Thanks to the SEC powers that be, the league will go into this weekend without seeing Eastern Division historical powers Florida, Georgia or Tennessee. A division devoid of real conference strength at the moment has its bigwigs sitting on the sideline this weekend, leaving the rest of the embattled division likely displaying NSFW content on Saturday.
However, I doubt any of these schools will complain about having this particular week off. Tennessee gets much-needed time to rest after consecutive losses and physical poundings it endured, thanks to contests with Texas A&M and Alabama. This team has been ravaged by injuries all season, and now finally gets a full week off to rest and truly reflect.
Georgia has been marred with inconsistencies since the Bulldogs stomped their way through North Carolina inside the Georgia Dome in Week 1. Since then, there was the way-too-close call against Nicholls, a blowout loss to Ole Miss, a devastating, last-second Hail Mary loss to Tennessee, and last week's unsettling home loss to Vanderbilt.
Then, there's Florida. The Gators had an impromptu bye week because of Hurricane Matthew two weeks ago and turned around with a 40-14 drubbing of a listless Missouri team in the Swamp. But with how much this offense still is fraught with execution issues, another extra week of prep is something this team should cherish.
Here's a bye week checklist for all three teams:
Get that "very average" offense tuned up, especially in the red zone: Coach Jim McElwain was right to call his offense "very average" after the Missouri game. The Gators needed two defensive touchdowns to put this game out of reach, and despite recording 523 yards, the offense was just 2 of 4 in the red zone and faced 16 third downs. The red zone has been Florida's Kryptonite this season, as the Gators are 13th in the SEC, converting 18-of-28 red-zone attempts. Florida is scoring a touchdown just 56 percent of the time in the red zone. Quarterback Luke Del Rio threw three interceptions against Mizzou. McElwain said he'd also like to see the coordination of the snap count improve over the bye. Even with an extra week to prepare, the Gators just didn't have much offensive rhythm against a bad Mizzou defense, and that's a problem.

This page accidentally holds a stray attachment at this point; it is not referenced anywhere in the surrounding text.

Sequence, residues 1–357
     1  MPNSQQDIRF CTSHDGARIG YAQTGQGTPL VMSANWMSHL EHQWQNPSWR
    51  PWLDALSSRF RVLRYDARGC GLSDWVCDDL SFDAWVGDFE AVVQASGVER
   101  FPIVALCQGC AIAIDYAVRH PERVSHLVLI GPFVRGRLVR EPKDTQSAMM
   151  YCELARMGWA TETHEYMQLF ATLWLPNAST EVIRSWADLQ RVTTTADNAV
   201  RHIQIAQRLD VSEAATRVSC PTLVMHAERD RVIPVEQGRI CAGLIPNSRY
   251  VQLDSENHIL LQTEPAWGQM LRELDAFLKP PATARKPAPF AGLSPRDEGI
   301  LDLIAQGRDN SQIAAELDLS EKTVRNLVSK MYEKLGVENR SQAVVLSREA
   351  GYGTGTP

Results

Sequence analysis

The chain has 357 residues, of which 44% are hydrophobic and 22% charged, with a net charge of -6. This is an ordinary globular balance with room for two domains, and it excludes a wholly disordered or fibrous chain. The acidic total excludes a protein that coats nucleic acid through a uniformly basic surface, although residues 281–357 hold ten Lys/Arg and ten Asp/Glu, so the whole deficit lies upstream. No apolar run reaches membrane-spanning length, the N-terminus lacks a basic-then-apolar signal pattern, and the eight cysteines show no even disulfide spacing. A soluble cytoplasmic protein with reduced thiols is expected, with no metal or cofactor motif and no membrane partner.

Coach up Del Rio: After being out for two weeks with a knee sprain, Del Rio looked rusty against Mizzou. He went 18 for 38 with 236 yards and a touchdown with those three picks -- and they were bad throws. McElwain praised his quarterback, but added that he put himself in trouble too much and he tried to do too much. Del Rio said he needs to be better and he can't keep making those mistakes with rival Georgia next on the schedule.
Shore up run gaps: Nick Chubb won't try to be kind to this Florida rush defense next week. For as good as this defense has been, it has been susceptible to big runs. It gave up a season-high eight runs of 10-plus yards. Mizzou ran for 265 yards, with 112 coming before contact. Florida allowed nine rushes of 10-plus yards and 173 yards before contact in the two previous games against Vanderbilt and Tennessee.
Get the special teams together: On the season, Georgia has allowed only one return for a touchdown, but in the loss to Vandy, Georgia surrendered a 95-yard kickoff return and a 17-yard punt return, while the Bulldogs averaged just 14.7 yards per kickoff return and finished with minus-1 yard on three punt return attempts. Georgia is 13th in the SEC, allowing 26.3 yards on kickoffs.
Establish an identity: Coach Kirby Smart admitted that he isn't quite sure what his team wants to be. Sometimes it does well with the physical running game but can't throw the ball consistently. Then quarterback Jacob Eason gets into a nice throwing rhythm, and the Dawgs can't run it. It's frustrating for Dawgs fans to watch and Smart to coach.
Coach up Eason: His up-and-down play is to be expected, but this is a chance for him to erase that first part of the season and start anew. Eason is averaging 206 yards in SEC play, with seven touchdowns and four interceptions. He's completing only 53.4 percent of his passes and averaging 5.9 yards per attempt against SEC defenses. Smart wants to challenge Eason more this week and wants him to focus on communication with guys to change in and out of plays, settle his feet in the pocket and read coverages better. The good news is that he had a career day in the loss to Vandy, throwing for 346 yards and a touchdown, that he can feed off.
Rest: Less than 70 players dressed in that blowout loss to Alabama. Nine starters were ailing and that offensive line was without four starters for most of the game. Linebacker Jalen Reeves-Maybin's Tennessee career is now over, and running back Alvin Kamara's season could be in doubt with a knee injury. Fill up that training room. The good news is that the offensive line should be back to strength next week against South Carolina, but all those other bumps and bruises desperately need time away from contact.
Find some explosive plays in the passing game: Alabama's defense got three sacks, forced two turnovers and held Tennessee to just 163 yards. The running game was nonexistent (32 yards on 32 carries), but this team has to get more explosive plays out of the passing game, especially with Kamara's health an issue and Jalen Hurd struggling. On the season, Joshua Dobbs has completed less than 60 percent of his passes. He also has thrown an interception in every game.
Get John Kelly ready: Hurd isn't playing to his potential and has dealt with injury. Kamara has a knee injury. Tennessee's offense has taken a ton of lumps, but this running game needs to find another body. Kelly has just 115 yards on the season, but 89 of them came in the loss to Texas A&M.